I’ve never made a muffin biscuit before and I must say that I’m in love with this recipe. It was very easy to assemble and bake.

I made it in a standard-issue 12-cup muffin tin, baked it for 20 minutes, and had the most flaky soft muffin biscuits. I’ll definitely make this a staple in my home. Like any biscuit it’s a tad messy to assemble, but the payout in the end is well worth the mess.

Wow. These were pretty amazing. (But with nearly 1 1/2 tablespoons of butter and a 1/2 tablespoon of sugar in each muffin if you make a dozen, what do you expect?) They turned out exactly like the description provided: “crunchy exterior and a tender but slightly dense, crumbly interior.” I made these for breakfast, so they were eaten with jam and scrambled eggs, but I’d definitely make these again for a soup dinner. I might cut back a tad on the sugar to 4 1/2 or 5 tablespoons, if I were to make any change. My unadventurous toddler even knew this wasn’t worth passing up and devoured hers—a clear sign that it’s a winner. 🙂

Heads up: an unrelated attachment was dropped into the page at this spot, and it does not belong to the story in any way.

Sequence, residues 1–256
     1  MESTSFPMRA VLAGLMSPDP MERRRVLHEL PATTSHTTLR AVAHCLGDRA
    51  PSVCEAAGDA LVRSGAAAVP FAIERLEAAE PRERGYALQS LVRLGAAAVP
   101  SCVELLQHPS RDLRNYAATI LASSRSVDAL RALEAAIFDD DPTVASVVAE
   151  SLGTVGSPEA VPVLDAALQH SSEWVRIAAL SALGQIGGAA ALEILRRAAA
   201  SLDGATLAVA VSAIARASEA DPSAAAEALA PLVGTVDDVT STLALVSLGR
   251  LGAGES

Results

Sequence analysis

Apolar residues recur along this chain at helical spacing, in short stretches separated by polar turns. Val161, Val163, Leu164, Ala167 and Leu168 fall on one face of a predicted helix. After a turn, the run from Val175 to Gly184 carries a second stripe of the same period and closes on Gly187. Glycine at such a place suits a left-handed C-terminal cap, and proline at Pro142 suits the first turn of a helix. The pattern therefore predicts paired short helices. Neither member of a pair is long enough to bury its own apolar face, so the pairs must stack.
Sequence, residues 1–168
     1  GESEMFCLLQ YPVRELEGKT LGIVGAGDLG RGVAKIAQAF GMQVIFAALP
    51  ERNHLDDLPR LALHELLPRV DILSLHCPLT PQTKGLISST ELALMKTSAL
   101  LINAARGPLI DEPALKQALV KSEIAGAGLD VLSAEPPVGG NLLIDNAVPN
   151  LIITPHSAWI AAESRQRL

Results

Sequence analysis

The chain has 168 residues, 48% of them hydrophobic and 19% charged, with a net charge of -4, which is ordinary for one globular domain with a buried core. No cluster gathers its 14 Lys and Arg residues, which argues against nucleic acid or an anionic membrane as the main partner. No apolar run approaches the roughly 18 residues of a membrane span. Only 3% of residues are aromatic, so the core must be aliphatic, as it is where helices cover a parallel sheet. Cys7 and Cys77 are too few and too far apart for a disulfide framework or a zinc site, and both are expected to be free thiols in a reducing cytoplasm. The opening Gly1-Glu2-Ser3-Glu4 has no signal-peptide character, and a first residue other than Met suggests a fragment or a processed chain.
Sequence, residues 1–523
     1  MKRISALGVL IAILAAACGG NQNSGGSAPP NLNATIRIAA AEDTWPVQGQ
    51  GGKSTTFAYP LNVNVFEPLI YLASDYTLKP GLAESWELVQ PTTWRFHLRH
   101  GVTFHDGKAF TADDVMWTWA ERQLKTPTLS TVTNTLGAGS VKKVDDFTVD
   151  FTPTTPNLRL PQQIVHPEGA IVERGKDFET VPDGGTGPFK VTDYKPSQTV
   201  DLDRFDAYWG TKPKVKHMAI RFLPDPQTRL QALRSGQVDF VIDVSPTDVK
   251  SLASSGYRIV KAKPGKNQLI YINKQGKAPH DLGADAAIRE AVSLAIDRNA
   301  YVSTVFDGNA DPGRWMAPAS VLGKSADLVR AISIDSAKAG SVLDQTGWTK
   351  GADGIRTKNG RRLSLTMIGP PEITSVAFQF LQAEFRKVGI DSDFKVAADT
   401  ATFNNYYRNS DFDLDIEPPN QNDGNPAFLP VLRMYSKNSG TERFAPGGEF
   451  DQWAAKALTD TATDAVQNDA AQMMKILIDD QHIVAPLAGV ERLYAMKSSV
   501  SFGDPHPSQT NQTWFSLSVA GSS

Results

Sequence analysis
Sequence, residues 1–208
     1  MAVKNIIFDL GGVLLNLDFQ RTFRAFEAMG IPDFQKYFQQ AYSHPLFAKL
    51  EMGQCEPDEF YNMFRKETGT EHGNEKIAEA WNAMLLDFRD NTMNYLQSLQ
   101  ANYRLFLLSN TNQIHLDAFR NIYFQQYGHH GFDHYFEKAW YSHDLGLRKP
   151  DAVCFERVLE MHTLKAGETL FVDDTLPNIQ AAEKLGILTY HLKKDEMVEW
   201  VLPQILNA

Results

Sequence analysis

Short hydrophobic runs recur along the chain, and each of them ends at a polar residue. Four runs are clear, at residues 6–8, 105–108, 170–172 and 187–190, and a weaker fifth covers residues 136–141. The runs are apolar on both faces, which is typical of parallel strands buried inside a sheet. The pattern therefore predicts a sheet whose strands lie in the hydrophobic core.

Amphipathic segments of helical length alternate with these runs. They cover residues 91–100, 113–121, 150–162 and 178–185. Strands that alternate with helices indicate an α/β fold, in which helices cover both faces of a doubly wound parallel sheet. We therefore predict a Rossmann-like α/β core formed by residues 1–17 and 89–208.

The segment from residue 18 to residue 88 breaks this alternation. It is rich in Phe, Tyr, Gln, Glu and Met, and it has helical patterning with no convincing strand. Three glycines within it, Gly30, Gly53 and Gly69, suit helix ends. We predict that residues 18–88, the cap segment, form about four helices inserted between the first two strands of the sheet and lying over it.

At first I was skeptical, but by the end, I was completely and utterly convinced that these “muffins” rock! What a clever idea to just smoosh that dough into muffin tins instead of having to keep faffing with the whole rolling out process. I wasn’t sure about using the mixer, as I always do biscuits by hand, but following the directions exactly produced a terribly tender crumb that held together yet pulled apart perfectly. The muffins weren’t tough or rubbery.

When you first start dumping all the dry ingredients into the mixer and then adding the butter, it all seems quite simple. When you start to add the buttermilk (do try and get the real stuff, not the stuff made into buttermilk by adding chemicals; it’s so much better!) you keep asking yourself whether or not you’re doing it correctly, wanting to heed the warning about overmixing. I found the instructions clear and concise and the dough exactly as described. I piled the mix into 6 large muffin cups—thought I’d try big ones as I’m always making the small ones—with an ice-cream scoop and gently pushed them into the cups. They filled the cups completely and then puffed up nicely with a slightly lumpy, browned, gorgeous crust. I must say they were really delightful. Flaky, light, and oh so sweet. A shmear of butter and you’re away. I do think these would make a great biscuit for breakfast or alongside soups and stews. Dead easy and ever so impressive.